Appalshop News

Appalshop Archive Spotlight: Black Appalachians

4 days ago

Did you know that the Appalshop Archive is one of the largest collections of Appalachian history in the nation? Our Archive holds original film and other materials telling stories about Appalachians from all walks of life - from huge labor battles to women in the workplace, from our beautiful artisanal work to Appalachians fighting for justice in all its forms. 

Each month, we will we introducing you to parts of our collection in a new series of Archive Spotlights - this month we are focusing on Black Appalachians. 

We're sharing several different pieces from our archive, including photography by William "Pictureman" Mullins, who documented every day life in Appalachia from the 1930s-1950s and  photography from Robert Gumpert. The photo above was taken by Gumpert at the Brookside Coal Strike in 1974 shows a young Black man standing on the picket line.

You can directly support the preservation of photos like these and our Appalachian history by clicking here to support our ongoing National Endowment for the Humanities Challenge Grant for the Appalshop Archive.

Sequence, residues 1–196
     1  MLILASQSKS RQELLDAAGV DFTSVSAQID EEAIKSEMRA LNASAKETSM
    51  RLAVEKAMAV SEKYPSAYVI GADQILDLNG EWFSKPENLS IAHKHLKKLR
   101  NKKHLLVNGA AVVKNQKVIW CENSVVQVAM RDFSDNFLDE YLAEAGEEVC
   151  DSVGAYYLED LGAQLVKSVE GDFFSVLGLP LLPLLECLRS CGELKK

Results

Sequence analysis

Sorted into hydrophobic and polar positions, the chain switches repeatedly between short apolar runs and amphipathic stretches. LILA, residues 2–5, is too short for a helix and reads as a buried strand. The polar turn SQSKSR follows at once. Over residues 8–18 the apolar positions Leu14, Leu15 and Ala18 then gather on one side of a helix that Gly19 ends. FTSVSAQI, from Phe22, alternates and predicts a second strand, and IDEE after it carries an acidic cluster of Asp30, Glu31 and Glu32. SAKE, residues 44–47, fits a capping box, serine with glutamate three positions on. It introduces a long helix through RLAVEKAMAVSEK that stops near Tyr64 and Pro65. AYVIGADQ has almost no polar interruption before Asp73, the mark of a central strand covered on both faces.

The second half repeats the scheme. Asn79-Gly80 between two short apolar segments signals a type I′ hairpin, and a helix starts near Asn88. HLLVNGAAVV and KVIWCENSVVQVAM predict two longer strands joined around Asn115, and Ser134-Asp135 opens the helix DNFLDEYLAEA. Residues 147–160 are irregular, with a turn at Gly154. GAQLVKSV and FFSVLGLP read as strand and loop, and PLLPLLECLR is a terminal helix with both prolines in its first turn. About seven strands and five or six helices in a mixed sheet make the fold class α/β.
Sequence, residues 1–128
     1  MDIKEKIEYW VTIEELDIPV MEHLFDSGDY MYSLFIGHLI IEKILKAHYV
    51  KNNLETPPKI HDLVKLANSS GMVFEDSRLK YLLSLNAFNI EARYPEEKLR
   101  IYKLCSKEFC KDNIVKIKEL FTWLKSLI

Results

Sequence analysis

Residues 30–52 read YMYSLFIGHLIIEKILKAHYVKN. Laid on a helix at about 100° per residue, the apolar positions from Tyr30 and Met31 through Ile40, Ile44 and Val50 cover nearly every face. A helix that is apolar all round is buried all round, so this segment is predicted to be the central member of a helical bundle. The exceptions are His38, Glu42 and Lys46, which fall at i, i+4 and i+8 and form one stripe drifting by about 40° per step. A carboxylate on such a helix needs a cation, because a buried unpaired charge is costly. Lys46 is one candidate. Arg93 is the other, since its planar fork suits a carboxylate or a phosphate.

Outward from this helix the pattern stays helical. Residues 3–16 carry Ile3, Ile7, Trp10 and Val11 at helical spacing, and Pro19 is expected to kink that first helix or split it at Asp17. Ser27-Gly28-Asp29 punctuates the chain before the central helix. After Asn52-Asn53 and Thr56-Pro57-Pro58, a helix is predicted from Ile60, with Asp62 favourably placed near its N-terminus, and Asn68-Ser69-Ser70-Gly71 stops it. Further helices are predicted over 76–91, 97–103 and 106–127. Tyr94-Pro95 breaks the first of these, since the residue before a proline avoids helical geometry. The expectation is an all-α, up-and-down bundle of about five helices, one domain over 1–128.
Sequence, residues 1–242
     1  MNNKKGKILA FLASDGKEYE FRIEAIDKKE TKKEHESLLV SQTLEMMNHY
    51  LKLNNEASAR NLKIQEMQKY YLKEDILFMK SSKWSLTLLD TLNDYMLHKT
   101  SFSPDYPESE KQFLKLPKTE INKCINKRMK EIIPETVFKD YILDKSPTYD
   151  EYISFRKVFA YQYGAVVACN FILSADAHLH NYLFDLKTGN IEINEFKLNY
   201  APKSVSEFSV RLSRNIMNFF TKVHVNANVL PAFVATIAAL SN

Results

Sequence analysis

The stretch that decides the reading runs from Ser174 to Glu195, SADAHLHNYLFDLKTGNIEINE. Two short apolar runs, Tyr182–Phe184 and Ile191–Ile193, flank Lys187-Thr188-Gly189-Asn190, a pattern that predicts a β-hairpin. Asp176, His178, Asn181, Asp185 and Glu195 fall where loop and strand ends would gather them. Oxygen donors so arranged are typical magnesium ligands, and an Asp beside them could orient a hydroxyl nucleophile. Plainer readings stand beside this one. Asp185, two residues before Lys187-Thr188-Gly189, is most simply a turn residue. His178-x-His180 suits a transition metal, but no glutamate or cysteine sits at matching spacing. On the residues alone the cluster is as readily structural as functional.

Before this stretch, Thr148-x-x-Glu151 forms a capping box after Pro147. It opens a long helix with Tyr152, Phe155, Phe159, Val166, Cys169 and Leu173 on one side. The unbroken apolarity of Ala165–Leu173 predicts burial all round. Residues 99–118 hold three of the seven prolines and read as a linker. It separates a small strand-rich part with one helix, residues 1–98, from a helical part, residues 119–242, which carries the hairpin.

This photo, taken by "Pictureman" Mullins circa 1945, shows Collins and Effie Hollyfield, who moved to Letcher County in the 1930s and lived in Dunham, KY where Collins worked as a coal miner. The couple also did an oral history interview with Appalshop staff in 1991, talking about what life was like in the mountains then for Black Appalachians. You can view a short clip of that interview here.

This photo, also by "Pictureman" Mullins, depicts a young Black graduate of Dunham High School - which was a segregated high school in Letcher County and the only high school available to Black students at the time. The school opened in 1931 and remained in use until 1964 when segregation of schools was ruled unconstitutional. 

Last summer, in 2021, a campaign spearheaded by Carolyn Hollyfield Rogers - one of the daughters of Collins and Effie Hollyfield - marked the location of Dunham High School. These two photos are from the dedication ceremony, of both Rogers and the marker itself. 

Below is archival footage of the East Kentucky Social Club - a social club that's been active since 1969 and has provided a source of "community identity through their shared roots in the coal mining camps of Harlan County, KY." You can view and read more on this club here - which is still active to this day.

Join us in supporting the continued work of the Appalshop Archive in preserving, re-envisioning, and telling our story in our own voices. 

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